The power to visualize then, is the ability to harness the creative and therapeutic power of the imagination. This we do whenever we employ and further develop such already on-board skills, in order to ‘paint’ or portray a relaxing and tranquil scene or peaceful retreat. In some such cases, places – and even faces – may have already acquired a tendency to calm and moderate the effects of stress and fear. Used this way, such simple strategies can do nothing but good. Indeed, the relatively new science of psychoneuroimmunology, which studies the mind-body connection, is currently busily engaged in the testing of hypotheses linking mental imagery, with beneficial effect upon cells of the immune system.
Early speculation is also currently being tested to determine as to whether or not healing may flow from a tendency in such relaxed states, to redress an unhealthy dominance of the brain’s left hemisphere, over the right. The left hemisphere exercises more of a computer-like control over logical thinking, whereas the right hemisphere regulates and controls our intuitive and creative faculties. It has, for example, also been hypothesized that such healing activities ensuing (if such is the case) from engagement of the intuitive and creative faculties of the right brain hemisphere; might redress an unhealthy dominance normally exercised by the left hemisphere’s computer-like control over logical thinking.
One further historical point to be made here about visualization in so far as it relates to cancer patients is that during the 1970s, Drs. Carl and Stephanie Simonton, a cancer specialist and psychologist respectively, made extensive claims for their methods regarding patient quality of life and survival. This included the visualization of cancer cells being routed by healthy disease-fighting white cells. A variant of this approach sought to teach patients to visualize his/her tumour being attacked and (allegedly) eradicated by ‘host-friendly’ cells. Indeed, a variety of ‘colourful’ (and controversial) scenarios, were proffered and have been employed to that end. However, although such visualization is claimed to have worked and provided a measure of support for some patients, it is, one feels, always wiser and safer to ensure that any such activity be preceded by and thus based upon credible and methodologically sound research, informed opinion and skilled and adequate supervision. The Simonton’s work and claims about it have given rise to dispute in the past and all I would add here is that I, strictly on a personal basis, have never nor would I in the future employ any such similar approach in my own clinical practice.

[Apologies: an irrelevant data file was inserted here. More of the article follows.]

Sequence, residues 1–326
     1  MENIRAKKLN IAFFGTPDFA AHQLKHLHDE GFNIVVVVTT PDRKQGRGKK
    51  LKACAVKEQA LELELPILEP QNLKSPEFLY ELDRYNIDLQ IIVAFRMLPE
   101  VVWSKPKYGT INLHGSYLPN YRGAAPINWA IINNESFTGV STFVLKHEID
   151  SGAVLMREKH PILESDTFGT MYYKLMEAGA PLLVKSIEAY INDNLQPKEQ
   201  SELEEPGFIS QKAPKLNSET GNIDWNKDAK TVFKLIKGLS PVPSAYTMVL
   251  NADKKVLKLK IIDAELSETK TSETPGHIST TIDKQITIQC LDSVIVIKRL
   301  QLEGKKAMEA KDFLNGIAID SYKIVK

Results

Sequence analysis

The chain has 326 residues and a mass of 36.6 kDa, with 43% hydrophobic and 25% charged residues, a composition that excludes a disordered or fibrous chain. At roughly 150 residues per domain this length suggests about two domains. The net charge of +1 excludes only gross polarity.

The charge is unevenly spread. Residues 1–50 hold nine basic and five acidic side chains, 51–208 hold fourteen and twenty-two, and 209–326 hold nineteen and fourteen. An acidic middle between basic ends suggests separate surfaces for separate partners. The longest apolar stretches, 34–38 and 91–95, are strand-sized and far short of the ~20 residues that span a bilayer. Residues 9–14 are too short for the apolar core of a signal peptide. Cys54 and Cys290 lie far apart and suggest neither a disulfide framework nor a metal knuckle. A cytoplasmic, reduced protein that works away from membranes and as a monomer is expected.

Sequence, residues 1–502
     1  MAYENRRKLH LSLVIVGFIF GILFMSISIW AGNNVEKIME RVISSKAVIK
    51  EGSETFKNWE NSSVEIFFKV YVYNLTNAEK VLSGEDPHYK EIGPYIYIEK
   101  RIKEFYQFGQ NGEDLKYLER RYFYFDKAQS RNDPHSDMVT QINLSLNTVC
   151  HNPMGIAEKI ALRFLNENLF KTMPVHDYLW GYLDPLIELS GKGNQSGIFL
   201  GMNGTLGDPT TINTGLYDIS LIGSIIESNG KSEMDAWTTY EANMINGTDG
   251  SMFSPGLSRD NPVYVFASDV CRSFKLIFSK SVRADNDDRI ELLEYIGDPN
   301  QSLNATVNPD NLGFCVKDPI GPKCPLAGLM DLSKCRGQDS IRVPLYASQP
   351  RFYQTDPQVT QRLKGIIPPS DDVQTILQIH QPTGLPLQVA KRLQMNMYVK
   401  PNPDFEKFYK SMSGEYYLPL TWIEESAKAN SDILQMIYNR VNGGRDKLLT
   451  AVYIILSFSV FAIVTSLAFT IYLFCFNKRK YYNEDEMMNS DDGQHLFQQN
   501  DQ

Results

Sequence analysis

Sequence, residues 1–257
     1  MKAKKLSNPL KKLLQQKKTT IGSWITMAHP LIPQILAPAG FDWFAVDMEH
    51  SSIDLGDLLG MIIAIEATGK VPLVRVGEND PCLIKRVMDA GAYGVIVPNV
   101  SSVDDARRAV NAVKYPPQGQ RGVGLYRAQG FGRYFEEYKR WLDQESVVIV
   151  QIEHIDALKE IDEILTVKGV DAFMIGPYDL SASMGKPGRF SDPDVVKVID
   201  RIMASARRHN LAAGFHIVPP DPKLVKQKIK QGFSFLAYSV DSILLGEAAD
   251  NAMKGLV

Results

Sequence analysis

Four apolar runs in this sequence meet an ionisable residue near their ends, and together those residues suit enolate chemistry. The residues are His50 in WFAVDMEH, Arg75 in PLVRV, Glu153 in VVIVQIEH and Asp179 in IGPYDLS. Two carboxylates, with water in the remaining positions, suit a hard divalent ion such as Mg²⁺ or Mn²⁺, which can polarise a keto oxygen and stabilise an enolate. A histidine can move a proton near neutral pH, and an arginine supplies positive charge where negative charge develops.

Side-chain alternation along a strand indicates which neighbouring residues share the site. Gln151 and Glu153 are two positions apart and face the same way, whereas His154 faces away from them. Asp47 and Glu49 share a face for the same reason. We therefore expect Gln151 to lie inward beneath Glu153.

Conventionally, meditation has been described as a state of freedom from the imposition of everyday thought. Its aim and focus is gradually to draw to ‘centre stage’ what has been described as “the essence of being”. Experimental evidence has consistently shown that the body’s metabolic rate can be decreased in this way and it is claimed that restorative and healing propensities accompany such a state. From ancient times on, methodological reflection on eternal truths swiftly turned meditation into a religious pursuit. Consequently, it plays a major role in all religions, ancient and modern, major and minor. Christian meditation is often described as a search for deeper insight into the will of God, while a goal of Buddhist meditators is to achieve the state of “non-self” or Nirvana.